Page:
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# Algorithms

 Re: Lock free algorithms Joe Woodbury6-Sep-14 12:49 Joe Woodbury 6-Sep-14 12:49
 Re: Lock free algorithms SledgeHammer016-Sep-14 13:55 SledgeHammer01 6-Sep-14 13:55
 Re: Lock free algorithms Joe Woodbury6-Sep-14 14:11 Joe Woodbury 6-Sep-14 14:11
 Re: Lock free algorithms SledgeHammer016-Sep-14 14:37 SledgeHammer01 6-Sep-14 14:37
 Re: Lock free algorithms Joe Woodbury6-Sep-14 14:44 Joe Woodbury 6-Sep-14 14:44
 Algorithm for comparing word with randomly distributed substring asdf232111-Jul-14 0:06 asdf23211 1-Jul-14 0:06
 Re: Algorithm for comparing word with randomly distributed substring Sanmayce3-Jul-14 8:15 Sanmayce 3-Jul-14 8:15
 Re: Algorithm for comparing word with randomly distributed substring Sanmayce5-Jul-14 8:19 Sanmayce 5-Jul-14 8:19
 Okay, this is more serious, 31 patterns are needed to exhaust your request. 0 internal '*': Step01: *ABCDE* 1 internal '*': Step02: *ABCD*E* Step03: *ABC*DE* Step04: *AB*CDE* Step05: *A*BCDE* 2 internal '*': Step06: *A*B*CDE* Step07: *A*BC*DE* Step08: *A*BCD*E* Step09: *AB*C*DE* Step10: *AB*CD*E* Step11: *ABC*D*E* 3 internal '*': Step12: *A*B*C*DE* Step13: *A*B*CD*E* Step14: *A*BC*D*E* Step15: *AB*C*D*E* Above 15 patterns are optional, they would yield hits with 'high' rank earlier than all the 31 ones below. Finding all substrings (without elision): Step01+15: *A*B*C*D*E* Finding all substrings (with elision): C(5,4) equals number of wildcard patterns, 5 choose 4 = 5!/(4!*(5-4)!) = 5*4*3*2*1/(4*3*2*1*1) = 5 Step02+15: *B*C*D*E* Step03+15: *A*C*D*E* Step04+15: *A*B*D*E* Step05+15: *A*B*C*E* Step06+15: *A*B*C*D* C(5,3) equals number of wildcard patterns, 5 choose 3 = 5!/(3!*(5-3)!) = 5*4*3*2*1/(3*2*1*2*1) = 10 Step07+15: *A*B*C* Step08+15: *A*B*D* Step09+15: *A*B*E* Step10+15: *A*C*D* Step11+15: *A*C*E* Step12+15: *A*D*E* Step13+15: *B*C*D* Step14+15: *B*C*E* Step15+15: *B*D*E* Step16+15: *C*D*E* C(5,2) equals number of wildcard patterns, 5 choose 2 = 5!/(2!*(5-2)!) = 5*4*3*2*1/(2*1*3*2*1) = 10 Step17+15: *A*B* Step18+15: *A*C* Step19+15: *A*D* Step20+15: *A*E* Step21+15: *B*C* Step22+15: *B*D* Step23+15: *B*E* Step24+15: *C*D* Step25+15: *C*E* Step26+15: *D*E* C(5,1) equals number of wildcard patterns, 5 choose 1 = 5!/(1!*(5-1)!) = 5*4*3*2*1/(1*4*3*2*1) = 5 Step27+15: *A* Step28+15: *B* Step29+15: *C* Step30+15: *D* Step31+15: *E* In essence the number e.g. C(5,4) equals all ways to order any four of five elements, which is 5!/(5-4)! divided by all ways to order any group of 4, which is 4!. Thus, the number of distinct ways to choose 4 out of 5 is 120 divided by 24. By chance I wrote the fastest wildcard search function (iterative) so these 31 patterns won't be much of a problem: Copy Code ```int WildcardMatch_Iterative_Kaze(const char* mask, const char* name) { // Revision 1: /* const char* maskSTACK; const char* nameSTACK; int BacktrackFlag = 0; Backtrack: for (nameSTACK = name, maskSTACK = mask; *nameSTACK; ++nameSTACK, ++maskSTACK) { if (*maskSTACK == '&') { mask = maskSTACK+1; if (!*mask) return 1; name = nameSTACK; BacktrackFlag = -1; goto Backtrack; } //else if (*maskSTACK == '+') { //} else { else if (*maskSTACK != '+') { //if (tolower(*nameSTACK) != tolower(*maskSTACK)) { // These 'tolower's are outrageous, they hurt speed BADLY, in real-world usage both should have been lowercased outwith the 'for'. if (*nameSTACK != *maskSTACK) { if (!BacktrackFlag) return 0; name++; goto Backtrack; } } } while (*maskSTACK == '&') ++maskSTACK; return (!*maskSTACK); */ // Revision 2, 2013-Nov-30: const char* maskSTACK; const char* nameSTACK; //int BacktrackFlag = 0; // No need of it in rev.2 /* // Simplest heuristic with SUPEROVERHEAD enforced: trying to skip the whole wildcard section by comparing the two arrays order 1 of mask&name. int i; unsigned char maskOrder1[256]; unsigned char nameOrder1[256]; for (i='a'; i <= 'z'; i++) { maskOrder1[i]=0; nameOrder1[i]=0;} for (i=0; i < strlen(mask); i++) maskOrder1[mask[i]]=1; for (i=0; i < strlen(name); i++) nameOrder1[name[i]]=1; // Assuming the incoming strings are already lowercased (as it should for speed) and if we don't have matching alphabet parts (from mask side) means we don't need to compare any further i.e. the match fails. for (i='a'; i <= 'z'; i++) if ( maskOrder1[i] == 1 && nameOrder1[i] == 0 ) return 0; */ /* int i; for (i=0; i < strlen(mask); i++) { if ( mask[i] != '&' && mask[i] != '+' ) if ( !memchr(name,mask[i],strlen(name)) ) return 0; } */ /* Backtrack: for (nameSTACK = name, maskSTACK = mask; *nameSTACK; ++nameSTACK, ++maskSTACK) { if (*maskSTACK == '&') { mask = maskSTACK+1; if (!*mask) return 1; name = nameSTACK; BacktrackFlag = -1; goto Backtrack; } //else if (*maskSTACK == '+') { //} else { else if (*maskSTACK != '+') { //if (tolower(*nameSTACK) != tolower(*maskSTACK)) { // These 'tolower's are outrageous, they hurt speed BADLY, in real-world usage both should have been lowercased outwith the 'for'. if (*nameSTACK != *maskSTACK) { if (!BacktrackFlag) return 0; // Stupid branching, SLOW! name++; goto Backtrack; } } } */ // Here, outside the main/second 'for', in order to avoid branching we need to set the old/obsolete BacktrackFlag i.e. we need first occurrence of '&': for (name, mask; *name; ++name, ++mask) { if (*mask == '&') { goto Backtrack; } //else if (*mask == '+') { //} else { else if (*mask != '+') { if (*name != *mask) { return 0; } } } // We are entering the main/second 'for' with mask pointing to '&' as if BacktrackFlag is already set in the very first iteration at first condition: Backtrack: for (nameSTACK = name, maskSTACK = mask; *nameSTACK; ++nameSTACK, ++maskSTACK) { if (*maskSTACK == '&') { mask = maskSTACK+1; if (!*mask) return 1; name = nameSTACK; //BacktrackFlag = -1; goto Backtrack; } //else if (*maskSTACK == '+') { //} else { else if (*maskSTACK != '+') { //if (tolower(*nameSTACK) != tolower(*maskSTACK)) { // These 'tolower's are outrageous, they hurt speed BADLY, in real-world usage both should have been lowercased outwith the 'for'. if (*nameSTACK != *maskSTACK) { //if (!BacktrackFlag) return 0; // Stupid branching, SLOW! name++; goto Backtrack; } } } while (*maskSTACK == '&') ++maskSTACK; return (!*maskSTACK); }``` If you can write code generating, in particular, those 31+15 patterns you by all means could name the algorithm after your name, vanity is the strangest teachers of all, one Japanese aikidoka said that. In case of you being stronger than pride my proposal is to call the whole process 'bunyipping', SOED defines 'bunyip' as: bunyip, noun. Austral. M19. [Aboriginal.] A fabulous monster of swamps and lagoons. A ringy word, yes? Quite as 'troll' but not burdened with negativity of internetish jargon. troll v. tr. Slang: To patrol (an area) in search for someone or something: "[Criminals] troll bus stations for young runaways" (Pete Axthelm). n. A supernatural creature of Scandinavian folklore, variously portrayed as a friendly or mischievous dwarf or as a giant, that lives in caves, in the hills, or under bridges. /HERITAGE/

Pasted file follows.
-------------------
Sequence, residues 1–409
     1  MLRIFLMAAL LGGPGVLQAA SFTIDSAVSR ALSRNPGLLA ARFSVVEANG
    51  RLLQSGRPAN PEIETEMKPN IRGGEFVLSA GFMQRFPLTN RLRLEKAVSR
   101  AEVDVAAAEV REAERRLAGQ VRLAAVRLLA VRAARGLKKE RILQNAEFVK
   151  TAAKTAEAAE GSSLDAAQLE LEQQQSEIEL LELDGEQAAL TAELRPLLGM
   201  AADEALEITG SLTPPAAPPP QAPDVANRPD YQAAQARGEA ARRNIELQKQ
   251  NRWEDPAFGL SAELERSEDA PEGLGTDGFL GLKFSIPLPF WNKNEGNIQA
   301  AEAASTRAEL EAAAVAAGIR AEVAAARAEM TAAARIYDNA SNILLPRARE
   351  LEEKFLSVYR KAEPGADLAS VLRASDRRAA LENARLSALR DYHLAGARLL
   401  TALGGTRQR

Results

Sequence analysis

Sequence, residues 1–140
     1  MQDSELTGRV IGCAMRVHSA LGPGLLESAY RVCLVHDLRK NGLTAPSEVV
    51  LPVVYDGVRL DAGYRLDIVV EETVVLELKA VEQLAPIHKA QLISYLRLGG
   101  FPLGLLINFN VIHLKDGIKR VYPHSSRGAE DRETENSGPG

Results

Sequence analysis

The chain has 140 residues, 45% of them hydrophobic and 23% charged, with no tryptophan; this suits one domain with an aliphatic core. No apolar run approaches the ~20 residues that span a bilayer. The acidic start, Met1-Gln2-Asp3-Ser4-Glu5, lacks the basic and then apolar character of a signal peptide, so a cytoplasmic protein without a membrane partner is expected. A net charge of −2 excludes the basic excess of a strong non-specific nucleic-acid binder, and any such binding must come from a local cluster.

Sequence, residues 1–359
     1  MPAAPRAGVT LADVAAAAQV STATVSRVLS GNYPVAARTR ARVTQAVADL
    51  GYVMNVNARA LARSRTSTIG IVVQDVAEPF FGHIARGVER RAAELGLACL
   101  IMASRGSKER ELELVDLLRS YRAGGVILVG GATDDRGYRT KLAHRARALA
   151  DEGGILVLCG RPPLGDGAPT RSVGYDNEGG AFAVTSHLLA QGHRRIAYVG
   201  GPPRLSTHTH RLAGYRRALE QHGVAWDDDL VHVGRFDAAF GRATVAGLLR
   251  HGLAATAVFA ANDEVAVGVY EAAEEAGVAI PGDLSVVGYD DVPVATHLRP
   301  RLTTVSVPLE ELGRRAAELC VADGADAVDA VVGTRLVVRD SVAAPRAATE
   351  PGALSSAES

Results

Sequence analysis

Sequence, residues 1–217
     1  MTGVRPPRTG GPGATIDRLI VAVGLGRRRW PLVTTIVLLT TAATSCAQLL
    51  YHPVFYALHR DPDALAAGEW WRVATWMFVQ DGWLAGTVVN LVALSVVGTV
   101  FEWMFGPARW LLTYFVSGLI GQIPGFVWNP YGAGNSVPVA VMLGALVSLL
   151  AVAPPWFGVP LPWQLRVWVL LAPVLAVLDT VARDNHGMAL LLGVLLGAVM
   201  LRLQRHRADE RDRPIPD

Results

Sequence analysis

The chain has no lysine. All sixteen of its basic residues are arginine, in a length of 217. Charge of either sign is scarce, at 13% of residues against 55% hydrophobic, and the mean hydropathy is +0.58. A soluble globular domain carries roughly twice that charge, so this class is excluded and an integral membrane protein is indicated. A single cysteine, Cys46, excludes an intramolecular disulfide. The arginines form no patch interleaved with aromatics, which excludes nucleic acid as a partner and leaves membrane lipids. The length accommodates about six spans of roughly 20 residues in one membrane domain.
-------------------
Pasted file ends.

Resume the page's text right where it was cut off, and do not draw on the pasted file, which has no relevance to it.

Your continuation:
Cubesort Gregorius van den Hoven22-Jun-14 5:09 Gregorius van den Hoven 22-Jun-14 5:09
 Re: Cubesort Sanmayce28-Jun-14 9:02 Sanmayce 28-Jun-14 9:02
 Re: Cubesort Gregorius van den Hoven29-Jun-14 10:58 Gregorius van den Hoven 29-Jun-14 10:58
 Re: Cubesort Sanmayce30-Jun-14 7:48 Sanmayce 30-Jun-14 7:48
 Re: Cubesort Gregorius van den Hoven12-Jul-14 5:01 Gregorius van den Hoven 12-Jul-14 5:01
 Re: Cubesort Sanmayce3-Jul-14 5:30 Sanmayce 3-Jul-14 5:30
 Reduce a Q2SAT formula Apurvgupta15-Jun-14 21:48 Apurvgupta 15-Jun-14 21:48
 Fastest textual decompression in C Sanmayce10-May-14 9:54 Sanmayce 10-May-14 9:54
 Re: Fastest textual decompression in C Richard MacCutchan10-May-14 22:46 Richard MacCutchan 10-May-14 22:46
 Re: Fastest textual decompression in C Sanmayce12-May-14 1:18 Sanmayce 12-May-14 1:18
 Re: Fastest textual decompression in C Richard MacCutchan12-May-14 2:24 Richard MacCutchan 12-May-14 2:24
 Re: Fastest textual decompression in C Chris Losinger23-May-14 4:12 Chris Losinger 23-May-14 4:12
 Re: Fastest textual decompression in C Sanmayce24-May-14 8:17 Sanmayce 24-May-14 8:17
 The Bessel-Overhauser Spline interpolation - suitable values for the weight function Kenneth Haugland4-Apr-14 0:34 Kenneth Haugland 4-Apr-14 0:34
 Re: The Bessel-Overhauser Spline interpolation - suitable values for the weight function Kenneth Haugland6-Apr-14 1:30 Kenneth Haugland 6-Apr-14 1:30
 Factoring algorithm Member 41945931-Apr-14 5:46 Member 4194593 1-Apr-14 5:46
 Re: Factoring algorithm Bernhard Hiller1-Apr-14 21:44 Bernhard Hiller 1-Apr-14 21:44